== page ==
Starting Point: Spring Street Trolley Station
Downtown La Mesa is easily accessible by public transit, so the Spring Street Trolley Station makes a natural starting point for this walking tour. The station is at the intersection of Spring Street and La Mesa Boulevard -- exactly at the crossroads of the downtown village area. The trolley tracks run parallel to Spring Street, so during rush hour, cross traffic can get congested due to the trolley stopping. From the trolley station, follow the tracks south and cross La Mesa Boulevard, where you'll come to your first attraction.
La Mesa Depot Museum
Start off with a bit of history at the La Mesa Depot Museum. The old Southern Pacific Railway depot is recreated here, with historical facts and info when freight trains rode the rails through here (the Trolley runs along this very railway bed now). The best part of the depot are the three actual train cars sitting stationary on tracks: a locomotive engine, a freight car and a caboose. You can climb aboard them and imagine you're heading out to faraway places. These railway cars are great for taking pictures of yourself in a rustic setting. The La Mesa Depot is free to visit.
La Mesa Boulevard: West End
From the La Mesa Depot, head back north a few steps to La Mesa Boulevard and then head west. This short stretch of a couple of blocks consists of the western end of downtown. Notice the small businesses that dot the boulevard: a sign shop, thrift stores, shoe repair, chocolatier, billiard supply, small savings and loan, coffee house. These shops give true flavor to La Mesa. Across the street, notice the large mixed use complex adjacent to the trolley station -- it was built over a decade ago, and though it dwarfs the other buildings, it did help to rejuvenate the downtown district. Continue to head west and you'll come across San Filippo's pizza. This venerable establishment has been at this location forever and continues to serve up delicious pizza. It's definitely the place to go for pizza in downtown La Mesa.
Like in most of the old neighborhood business districts, antiques shops are usually the first businesses to establish a foothold in the storefronts. They are usually the places that give the old downtowns their flavor, and La Mesa is no different. There are still quite a few shops downtown to go antiquing, especially along the stretch along the heart of La Mesa Boulevard. between Spring Street and Allison Street. One of the more interesting shops is Collectiquity, particularly if you're in the market for mid-century collectibles, especially the 1940-50's style kitchen dinette sets, this shop is a great place to start.
Downtown Main Village
Although antiques shops still make up the bulk of businesses in downtown La Mesa, the last few years has seen more diversity in services and businesses in the district. From law offices, to jewelers, to financial services, to crafts and books, to housewares -- the area is expanding its offerings to residents, beyond just antiques. La Mesa even has a quaint mom & pop drug store. You can't miss it: La Mesa Pharmacy on the corner of Palm Avenue and La Mesa Boulevard -- It's a true blast from the past.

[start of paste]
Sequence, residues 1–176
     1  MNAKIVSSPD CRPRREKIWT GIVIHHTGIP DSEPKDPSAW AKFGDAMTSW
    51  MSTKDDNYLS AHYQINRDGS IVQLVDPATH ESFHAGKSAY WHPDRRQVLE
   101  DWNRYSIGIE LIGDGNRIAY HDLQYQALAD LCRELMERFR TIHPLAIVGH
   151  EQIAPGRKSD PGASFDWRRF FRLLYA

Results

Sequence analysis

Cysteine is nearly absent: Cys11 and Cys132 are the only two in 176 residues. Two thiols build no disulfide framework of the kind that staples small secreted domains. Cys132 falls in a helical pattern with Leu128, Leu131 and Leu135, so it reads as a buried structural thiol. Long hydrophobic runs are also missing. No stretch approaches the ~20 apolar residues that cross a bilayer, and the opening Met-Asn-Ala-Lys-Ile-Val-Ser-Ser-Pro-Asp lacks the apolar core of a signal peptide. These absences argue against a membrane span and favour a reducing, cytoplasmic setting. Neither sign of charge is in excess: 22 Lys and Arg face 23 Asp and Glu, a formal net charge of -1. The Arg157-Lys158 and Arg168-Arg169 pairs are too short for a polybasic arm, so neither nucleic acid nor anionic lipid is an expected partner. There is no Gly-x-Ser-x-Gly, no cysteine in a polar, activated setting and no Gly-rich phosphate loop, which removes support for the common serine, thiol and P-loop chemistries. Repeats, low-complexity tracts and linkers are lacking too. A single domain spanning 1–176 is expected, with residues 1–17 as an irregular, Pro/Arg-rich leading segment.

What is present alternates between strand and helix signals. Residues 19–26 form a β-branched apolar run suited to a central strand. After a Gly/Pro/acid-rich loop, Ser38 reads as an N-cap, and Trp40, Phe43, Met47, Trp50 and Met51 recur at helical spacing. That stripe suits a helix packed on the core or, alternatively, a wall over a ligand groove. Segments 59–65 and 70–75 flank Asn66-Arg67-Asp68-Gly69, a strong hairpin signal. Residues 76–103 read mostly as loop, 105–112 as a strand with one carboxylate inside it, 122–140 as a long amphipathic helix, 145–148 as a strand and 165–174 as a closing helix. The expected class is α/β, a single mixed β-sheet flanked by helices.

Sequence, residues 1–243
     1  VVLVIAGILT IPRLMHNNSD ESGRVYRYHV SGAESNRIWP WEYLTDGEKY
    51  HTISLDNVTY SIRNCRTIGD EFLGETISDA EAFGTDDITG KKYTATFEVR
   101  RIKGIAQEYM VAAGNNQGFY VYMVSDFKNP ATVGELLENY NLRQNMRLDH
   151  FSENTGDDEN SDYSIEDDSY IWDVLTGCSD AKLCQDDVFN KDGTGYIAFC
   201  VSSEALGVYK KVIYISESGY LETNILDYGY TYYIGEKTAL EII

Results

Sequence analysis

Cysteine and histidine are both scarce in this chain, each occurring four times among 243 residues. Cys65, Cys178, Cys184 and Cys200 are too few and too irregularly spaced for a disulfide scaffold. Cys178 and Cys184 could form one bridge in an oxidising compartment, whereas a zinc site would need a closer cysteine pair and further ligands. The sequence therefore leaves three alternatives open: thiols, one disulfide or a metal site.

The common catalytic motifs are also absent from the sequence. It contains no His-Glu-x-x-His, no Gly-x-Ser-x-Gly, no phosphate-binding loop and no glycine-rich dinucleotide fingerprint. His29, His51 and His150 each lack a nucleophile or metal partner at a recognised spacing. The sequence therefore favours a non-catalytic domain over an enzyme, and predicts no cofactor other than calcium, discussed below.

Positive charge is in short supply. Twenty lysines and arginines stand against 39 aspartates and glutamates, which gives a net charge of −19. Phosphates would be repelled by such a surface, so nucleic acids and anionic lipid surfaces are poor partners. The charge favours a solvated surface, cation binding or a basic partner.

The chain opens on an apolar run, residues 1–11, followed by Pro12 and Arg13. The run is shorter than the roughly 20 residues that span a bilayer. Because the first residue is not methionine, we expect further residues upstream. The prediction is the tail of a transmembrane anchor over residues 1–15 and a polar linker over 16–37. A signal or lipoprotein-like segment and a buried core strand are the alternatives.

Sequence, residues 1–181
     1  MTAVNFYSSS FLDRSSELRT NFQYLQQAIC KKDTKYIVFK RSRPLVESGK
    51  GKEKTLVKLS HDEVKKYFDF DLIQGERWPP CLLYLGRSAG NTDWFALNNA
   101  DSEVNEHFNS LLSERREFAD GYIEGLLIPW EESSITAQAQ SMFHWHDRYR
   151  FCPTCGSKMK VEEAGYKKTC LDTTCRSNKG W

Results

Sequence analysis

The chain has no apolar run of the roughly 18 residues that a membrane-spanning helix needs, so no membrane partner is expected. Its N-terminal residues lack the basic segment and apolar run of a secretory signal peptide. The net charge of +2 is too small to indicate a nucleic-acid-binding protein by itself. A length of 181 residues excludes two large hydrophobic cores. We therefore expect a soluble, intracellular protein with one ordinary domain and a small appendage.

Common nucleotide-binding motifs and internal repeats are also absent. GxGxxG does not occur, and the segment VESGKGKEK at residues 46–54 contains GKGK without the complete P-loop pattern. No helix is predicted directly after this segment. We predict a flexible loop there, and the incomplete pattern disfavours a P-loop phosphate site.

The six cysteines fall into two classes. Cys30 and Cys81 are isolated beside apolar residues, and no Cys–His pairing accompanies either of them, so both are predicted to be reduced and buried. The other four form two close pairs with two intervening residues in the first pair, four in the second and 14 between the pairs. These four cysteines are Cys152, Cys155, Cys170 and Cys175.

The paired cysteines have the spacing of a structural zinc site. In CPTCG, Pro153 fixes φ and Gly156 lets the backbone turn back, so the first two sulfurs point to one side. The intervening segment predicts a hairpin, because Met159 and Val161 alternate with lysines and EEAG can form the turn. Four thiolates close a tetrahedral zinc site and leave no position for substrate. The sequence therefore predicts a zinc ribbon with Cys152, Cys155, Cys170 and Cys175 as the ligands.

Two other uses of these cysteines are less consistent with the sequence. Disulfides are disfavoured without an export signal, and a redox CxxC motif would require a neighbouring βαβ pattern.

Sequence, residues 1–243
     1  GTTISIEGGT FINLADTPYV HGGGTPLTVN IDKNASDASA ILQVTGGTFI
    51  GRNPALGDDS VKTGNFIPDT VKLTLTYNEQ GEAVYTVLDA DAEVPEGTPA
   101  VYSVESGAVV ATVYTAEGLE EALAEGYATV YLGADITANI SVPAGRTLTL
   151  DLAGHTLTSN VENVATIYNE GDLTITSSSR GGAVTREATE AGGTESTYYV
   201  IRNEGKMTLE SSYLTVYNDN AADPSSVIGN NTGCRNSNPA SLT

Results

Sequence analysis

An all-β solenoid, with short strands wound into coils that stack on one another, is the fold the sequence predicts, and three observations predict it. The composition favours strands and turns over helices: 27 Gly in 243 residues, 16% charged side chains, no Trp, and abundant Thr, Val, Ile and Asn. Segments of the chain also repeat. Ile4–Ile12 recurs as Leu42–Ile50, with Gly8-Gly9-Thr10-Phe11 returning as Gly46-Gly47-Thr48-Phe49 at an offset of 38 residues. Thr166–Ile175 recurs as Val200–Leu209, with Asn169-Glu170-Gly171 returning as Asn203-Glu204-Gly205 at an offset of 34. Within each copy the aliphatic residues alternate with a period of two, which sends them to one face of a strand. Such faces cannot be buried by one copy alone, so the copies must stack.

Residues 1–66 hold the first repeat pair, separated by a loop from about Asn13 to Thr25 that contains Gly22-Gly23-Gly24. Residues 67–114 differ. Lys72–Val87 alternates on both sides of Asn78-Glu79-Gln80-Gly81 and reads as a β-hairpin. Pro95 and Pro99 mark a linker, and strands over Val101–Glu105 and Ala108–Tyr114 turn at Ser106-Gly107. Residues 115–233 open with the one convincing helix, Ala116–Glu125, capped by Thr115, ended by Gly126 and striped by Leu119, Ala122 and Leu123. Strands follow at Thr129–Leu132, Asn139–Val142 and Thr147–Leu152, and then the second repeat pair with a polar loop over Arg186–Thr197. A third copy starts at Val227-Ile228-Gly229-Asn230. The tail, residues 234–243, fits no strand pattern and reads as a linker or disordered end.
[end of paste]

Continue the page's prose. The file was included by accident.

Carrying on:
Mom and Pop Businesses
One of the best things about strolling through downtown La Mesa is discovering all of the mom and pop businesses. Some of them, like Yardage Town, have been here seemingly forever. Others are newer, and as you walk by and peek into their stores, you hope they can survive the tough retail climate. For them, it comes down to customer service. One place relatively new to La Mesa is Moze Guitars. For years, it was located in the College Area, and recently moved to downtown. I frequent Moze Guitars, and it's a perfect example of the kind of business you don't mind going out of your way to get to thanks to friendly, knowledgable service with great people who work there.
Food & Drink
Downtown La Mesa, surprisingly, has a number of good places to dine. Most of them are pretty casual and relatively inexpensive. For Mexican food, the most popular is Por Favor -- you can't miss the bright yellow building at the corner of Palm and La Mesa. The outdoor sidewalk tables are always popular, especially on warm evenings. My favorite Mexican restaurant is actually a few blocks east: Mario's de La Mesa, which is housed in a cozy cottage, and serves up a fine carne asada plate. For burgers, everyone in the know knows you have to go to Johnny B's near the corner of Fourth on La Mesa. By far the best burgers you'll ever have. Across the street, the Village Restaurant serves up great homestyle meals, especially breakfast. And then there are the neighborhood bars to satisfy your thirst: Pete's Place, an old school haunt, Joe N' Andy's Hole in the Wall (says it all), and the aforementioned Johnny B's and Por Favor. For coffee, Cosmos Coffee is a great place to sip some brew and listen to acoustic music.
If you stroll down to the east intersection of La Mesa Boulevard and University Avenue, you'll come upon the downtown community's recreation area. Little league fields, park space, swimming pool, and even a pitch and putt golf course (Sun Valley) serve the needs of the quaint old homes and apartment buildings that cluster along the side streets beyond La Mesa Boulevard. Between the businesses and services, the dining and entertainment, and the recreation, you'll start to see why downtown La Mesa is a little slice of Americana.
Make your way back to the Trolley Station or your car. Or better yet, stroll and explore some more. You'll discover more businesses and restaurants on side streets (McCrae Music Company is a great place for band instruments and lessons). On Friday afternoons, the La Mesa Farmer's Market serve up lots of nice produce. Also, on Thursday nights during the summer, the La Mesa Car Show is a great way to enjoy the downtown vibe.